“Language is important. At the National Centre of Indigenous Excellence (NCIE) we like to use language that talks to ‘liberating possibility’. This is about making sure that even in the most difficult of circumstances, the human spirit can thrive and do better, achieve and be safe and happy. It is a different kind of aspiration. Every generation, Indigenous or not, wants something more, wants something different, and it’s no different for this generation of young blackfellas. So why talk about disadvantage and exclusion when we can talk about innovation, excellence and opportunity?” 
If you also target Aboriginal people, check if you use words that have no or little meaning to them. “I feel ‘reconciliation’ is an empty word,” says Yalmay Yunupingu, an Aboriginal artist and teacher in the Northern Territory, “‘consultation’ and ‘negotiation’ are empty words, ‘freedom’ is an empty word, and ‘promise’ is also an empty word. These words are often being used in speeches, newspapers and TV” .
Showing no respect for the grieving families involved or the cultural sensitivities of Aboriginal people,... newspapers allowed their lust for a front page with shock value to over-rule any sense of decency towards the people involved.—Statement by the Central Land Council and Northern Land Council 
“I had a huge fight”
Columnist for The Age, Martin Flanagan, reveals how hard it can be to have authentic articles published:
“Over the years, I’ve found Aboriginal people great - if, occasionally, unnerving - to work with. In about 2000, I did a story for a Sydney magazine on Aboriginal leader Patrick Dodson. In addition to being a former Catholic priest with a command of the Western intellectual tradition, he is also an initiated tribal man. The potential for misunderstanding is never greater than when you’re doing cross-cultural journalism. I kept ringing Patrick in Broome to clarify matters. Eventually, I got an answer: ‘Patrick trusts you’. The problem was that I didn’t trust myself – my judgments, I mean.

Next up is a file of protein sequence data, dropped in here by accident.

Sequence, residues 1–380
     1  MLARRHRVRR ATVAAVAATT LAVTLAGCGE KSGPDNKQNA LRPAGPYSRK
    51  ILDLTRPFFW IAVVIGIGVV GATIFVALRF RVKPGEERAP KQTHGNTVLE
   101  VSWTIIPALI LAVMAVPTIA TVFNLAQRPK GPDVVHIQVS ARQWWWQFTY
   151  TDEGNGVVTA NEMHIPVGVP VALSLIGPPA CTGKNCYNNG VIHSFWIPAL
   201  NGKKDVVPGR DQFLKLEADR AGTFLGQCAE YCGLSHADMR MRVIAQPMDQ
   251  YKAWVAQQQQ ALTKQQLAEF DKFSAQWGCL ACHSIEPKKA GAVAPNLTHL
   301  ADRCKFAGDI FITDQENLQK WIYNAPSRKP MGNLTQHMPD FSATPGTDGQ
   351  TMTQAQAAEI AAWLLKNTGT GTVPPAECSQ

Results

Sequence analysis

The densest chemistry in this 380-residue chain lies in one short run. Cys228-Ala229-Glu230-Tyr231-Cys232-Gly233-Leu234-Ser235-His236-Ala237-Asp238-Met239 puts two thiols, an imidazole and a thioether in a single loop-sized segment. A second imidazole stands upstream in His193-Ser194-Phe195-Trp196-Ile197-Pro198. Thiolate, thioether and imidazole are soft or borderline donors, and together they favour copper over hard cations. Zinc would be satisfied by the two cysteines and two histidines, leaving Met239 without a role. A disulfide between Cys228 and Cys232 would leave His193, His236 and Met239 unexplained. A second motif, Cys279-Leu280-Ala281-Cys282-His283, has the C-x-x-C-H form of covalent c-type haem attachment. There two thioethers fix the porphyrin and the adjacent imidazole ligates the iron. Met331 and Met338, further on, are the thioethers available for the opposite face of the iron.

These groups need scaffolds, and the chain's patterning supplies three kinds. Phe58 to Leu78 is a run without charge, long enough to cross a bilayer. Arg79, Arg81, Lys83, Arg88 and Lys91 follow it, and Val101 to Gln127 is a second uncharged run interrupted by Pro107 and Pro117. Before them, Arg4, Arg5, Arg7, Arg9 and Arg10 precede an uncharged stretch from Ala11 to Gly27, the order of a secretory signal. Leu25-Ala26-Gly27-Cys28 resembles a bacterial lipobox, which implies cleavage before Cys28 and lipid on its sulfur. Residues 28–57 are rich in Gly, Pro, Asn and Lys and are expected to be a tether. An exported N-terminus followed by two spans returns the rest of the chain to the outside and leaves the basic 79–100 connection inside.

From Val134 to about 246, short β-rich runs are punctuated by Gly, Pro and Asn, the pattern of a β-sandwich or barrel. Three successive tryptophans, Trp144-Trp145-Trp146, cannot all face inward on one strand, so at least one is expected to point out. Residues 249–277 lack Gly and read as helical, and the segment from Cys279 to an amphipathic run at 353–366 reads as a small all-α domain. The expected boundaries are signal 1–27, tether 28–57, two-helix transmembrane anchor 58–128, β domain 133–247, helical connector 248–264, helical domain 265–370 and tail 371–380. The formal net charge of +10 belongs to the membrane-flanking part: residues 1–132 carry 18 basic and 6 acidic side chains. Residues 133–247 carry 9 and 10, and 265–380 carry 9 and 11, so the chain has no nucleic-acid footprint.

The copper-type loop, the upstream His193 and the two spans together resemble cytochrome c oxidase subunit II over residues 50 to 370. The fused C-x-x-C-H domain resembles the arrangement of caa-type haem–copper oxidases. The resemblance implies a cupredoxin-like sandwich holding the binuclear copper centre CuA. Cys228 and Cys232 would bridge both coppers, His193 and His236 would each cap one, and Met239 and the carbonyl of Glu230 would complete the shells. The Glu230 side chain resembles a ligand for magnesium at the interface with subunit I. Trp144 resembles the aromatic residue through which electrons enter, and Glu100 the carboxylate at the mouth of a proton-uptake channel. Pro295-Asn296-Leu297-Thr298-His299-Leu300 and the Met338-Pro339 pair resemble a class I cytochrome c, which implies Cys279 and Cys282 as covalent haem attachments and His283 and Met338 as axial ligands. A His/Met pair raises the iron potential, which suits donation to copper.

“Once the article was finally written, I had a huge fight with the magazine, which repeatedly sought to shape the article in ways that distorted its meaning. I eventually got it published as I had written it. When I next met Patrick, I said, ‘I had a huge fight getting that article published’, and he replied in one word: ‘Yes’. Of course, I thought, you’ve been fighting for 200 years to get your story heard. I’d fought for a couple of weeks and thought that was tough going.”
Avoid framing readers
Journalists may be required to adhere to a certain view the publication has they are writing for. The goal is to influence how readers think about a certain story.
If possible, avoid framing your readers and report Aboriginal issues in a factual, balanced way and let readers make up their minds themselves.
Are you only reporting the negative?
One of the biggest traps is to report about Aboriginal affairs only if something negative has happened. This perpetuates the negative perception of the general population.
An analysis of a year’s worth of newspaper articles about Aboriginal health during the 1970s found that 90% of Aboriginal health-related media articles in WA print media were negative. 40 years later, this trend had not changed much - in 2012, 74% were negative. And a 2015 survey of more than 350 articles about Aboriginal health found almost 75% of these articles were negative .
Research has found that the psychological consequence of a skewed truth created by negative bias in the news can make people perceive the world more dangerously and risky that it actually is. A continuous stream of negative news makes people passive, desensitises them from the issues presented and can lead to total disengagement , a symptom Australia’s society already displays towards Aboriginal people’s struggles.
It is the duty of media to offer a balanced view. Seek out positive news and give it equal exposure.
Summer May Finlay, a Yorta Yorta woman who works in Aboriginal health and is a PhD candidate, wants media to change the conversation:
“I know from my own experience there is a profound disconnect from the way the media describes Aboriginal and Torres Strait Islander people to my own lived experience of our strengths.